There are in the Chamber today distinguished members of the medical profession who can attest to the effects of FGM with far more authority than I can. But FGM is child abuse and its implementation is torturous, causing lifelong grievous bodily harm. That is reflected in sentences that the courts could hand out if they were ever to get to deal with a conviction; 14 years in prison awaits anyone convicted of carrying out FGM.
These mutilations are frequently performed by people with no medical training in unhygienic surroundings, using old razor blades or broken glass. My noble friend Lady Cox deeply regrets that she cannot be in her seat. She has witnessed examples of this terrible damage on her journeys around the world. As she says, there is no anaesthetic and the results often lead to sepsis. The actual degree of cutting varies but it can range from the attempted excision of the clitoris to deny the victim sexual pleasure or desire to the cutting off of the labia, both minor and major, and the sewing up of the skin across the vaginal opening, leaving only a tiny hole for natural functions. I apologise to noble Lords for the graphic nature of this but it is important that we never lose sight of the quite terrible pain and damage inflicted.
In the UK, 60,000 girls are thought to be at risk. I have a few more statistics: 137,000 girls and women in the United Kingdom are living with the consequences of FGM. Many of these, it must be said, were cut outside the UK before arriving here. More than 130 million girls and women worldwide have undergone FGM. It is practised in more than 29 countries.
Religious leaders all over the world and of virtually every persuasion have continually stated that there are no doctrinal reasons whatever to justify or encourage FGM. So it is worrying that an Indian Muslim sect, Dawoodi Bohra, which has several thousand followers in the UK, has been encouraged to practise its form of FGM—khatna—by its leader, Mufaddal Saifuddin. His senior representative, a Mr Vaziri, has just been sentenced to 11 months in prison by an Australian court for his part in trying to cover up acts of FGM. The mother of the girls in question has been sentenced to 11 months’ home detention for allowing her two daughters to be harmed, as has the midwife who mutilated the girls. The judge made it clear that Australia was sending a message that it simply would not tolerate this abhorrent practice. If Australia can achieve success in prosecution, why cannot we?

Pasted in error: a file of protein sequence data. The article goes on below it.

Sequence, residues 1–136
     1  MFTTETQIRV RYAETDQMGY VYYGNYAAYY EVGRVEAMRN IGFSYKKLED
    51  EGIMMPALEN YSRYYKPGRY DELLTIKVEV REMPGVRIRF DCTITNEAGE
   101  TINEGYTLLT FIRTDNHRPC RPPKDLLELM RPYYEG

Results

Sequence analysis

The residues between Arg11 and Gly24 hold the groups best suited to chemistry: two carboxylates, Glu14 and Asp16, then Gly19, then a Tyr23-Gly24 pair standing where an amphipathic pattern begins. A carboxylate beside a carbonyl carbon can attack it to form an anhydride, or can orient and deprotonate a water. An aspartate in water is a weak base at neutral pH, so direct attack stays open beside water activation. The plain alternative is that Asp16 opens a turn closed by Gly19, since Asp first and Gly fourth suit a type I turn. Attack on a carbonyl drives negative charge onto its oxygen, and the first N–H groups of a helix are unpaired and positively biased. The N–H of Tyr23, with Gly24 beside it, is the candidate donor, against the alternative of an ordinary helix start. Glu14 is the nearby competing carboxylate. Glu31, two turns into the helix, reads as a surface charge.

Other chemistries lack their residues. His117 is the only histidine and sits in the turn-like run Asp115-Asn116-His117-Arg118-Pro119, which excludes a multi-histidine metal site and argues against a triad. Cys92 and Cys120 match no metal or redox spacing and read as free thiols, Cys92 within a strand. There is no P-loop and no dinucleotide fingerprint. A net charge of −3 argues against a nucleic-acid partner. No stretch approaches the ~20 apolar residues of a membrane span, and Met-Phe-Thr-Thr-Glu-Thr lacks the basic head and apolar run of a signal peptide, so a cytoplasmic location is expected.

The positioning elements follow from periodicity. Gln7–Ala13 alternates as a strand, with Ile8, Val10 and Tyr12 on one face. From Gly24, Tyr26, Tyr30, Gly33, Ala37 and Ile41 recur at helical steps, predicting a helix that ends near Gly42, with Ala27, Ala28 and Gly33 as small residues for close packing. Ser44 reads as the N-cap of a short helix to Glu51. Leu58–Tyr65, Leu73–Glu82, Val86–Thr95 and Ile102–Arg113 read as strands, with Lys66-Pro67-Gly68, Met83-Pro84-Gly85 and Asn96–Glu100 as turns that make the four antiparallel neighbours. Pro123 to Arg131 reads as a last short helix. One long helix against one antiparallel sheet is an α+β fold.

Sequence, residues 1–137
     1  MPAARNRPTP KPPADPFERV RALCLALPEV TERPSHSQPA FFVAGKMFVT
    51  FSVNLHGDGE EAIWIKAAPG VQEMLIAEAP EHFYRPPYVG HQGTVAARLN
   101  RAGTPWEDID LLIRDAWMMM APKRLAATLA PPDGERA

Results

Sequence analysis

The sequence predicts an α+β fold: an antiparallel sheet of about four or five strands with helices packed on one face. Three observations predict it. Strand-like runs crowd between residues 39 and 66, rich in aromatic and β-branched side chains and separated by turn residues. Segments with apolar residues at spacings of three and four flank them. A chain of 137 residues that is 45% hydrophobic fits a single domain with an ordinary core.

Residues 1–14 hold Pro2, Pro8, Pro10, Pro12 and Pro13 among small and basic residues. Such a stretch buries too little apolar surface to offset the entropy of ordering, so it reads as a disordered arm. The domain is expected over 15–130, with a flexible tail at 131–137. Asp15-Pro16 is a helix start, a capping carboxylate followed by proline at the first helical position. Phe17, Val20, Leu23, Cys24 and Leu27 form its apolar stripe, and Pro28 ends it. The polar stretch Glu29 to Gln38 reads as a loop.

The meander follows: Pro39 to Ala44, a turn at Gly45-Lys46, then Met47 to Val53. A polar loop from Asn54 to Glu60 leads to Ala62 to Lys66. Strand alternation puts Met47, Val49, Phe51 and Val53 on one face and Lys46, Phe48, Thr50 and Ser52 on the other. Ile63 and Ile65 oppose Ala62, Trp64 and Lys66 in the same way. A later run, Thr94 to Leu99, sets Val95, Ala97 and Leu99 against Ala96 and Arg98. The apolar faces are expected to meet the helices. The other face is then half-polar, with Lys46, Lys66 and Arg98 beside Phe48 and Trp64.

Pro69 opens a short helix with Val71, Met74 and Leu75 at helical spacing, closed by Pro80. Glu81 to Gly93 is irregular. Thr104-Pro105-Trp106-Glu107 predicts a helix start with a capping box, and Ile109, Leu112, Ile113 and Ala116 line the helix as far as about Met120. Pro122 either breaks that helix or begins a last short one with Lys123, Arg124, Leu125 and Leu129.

Will the Minister make it absolutely clear, as set out in law, that should anyone encourage others to practise FGM they would be committing a criminal offence? We need to fire this shot across the bows of groups such as Dawoodi Bohra, so that their members are in absolutely no doubt about the grievous consequences of such actions. The one recent prosecution which the CPS mounted sadly failed—or perhaps not sadly, because it was regarded by many in the legal and medical professions as flawed from the outset.
The Government have made it clear on previous occasions that they do not believe in mandatory examination as in France, where many successful prosecutions have been obtained. The Minister will probably repeat this view but, on the other hand, we simply cannot avoid the issue of prosecution while girls in this country are being cut and in danger of being cut. I have a suggestion involving limited and targeted examination, given the 2015 NHS reports of FGM, which have to be reported to the police. I would be grateful if the Minister could give us, if he knows, an indication of what steps the police have already taken as a result of these cases. Among the many thousands of referrals, there must be some leads on which they could act, so here surely is an opportunity to gain convictions. After all, if the police have reports of drug dealing, for example, they get a search warrant. They will question or observe known acquaintances and build up a case. Might not these NHS reports provide fertile ground for the Government to consider targeted mandatory examinations, where reports reveal a hotspot of activity? We know that there are such, for example in London.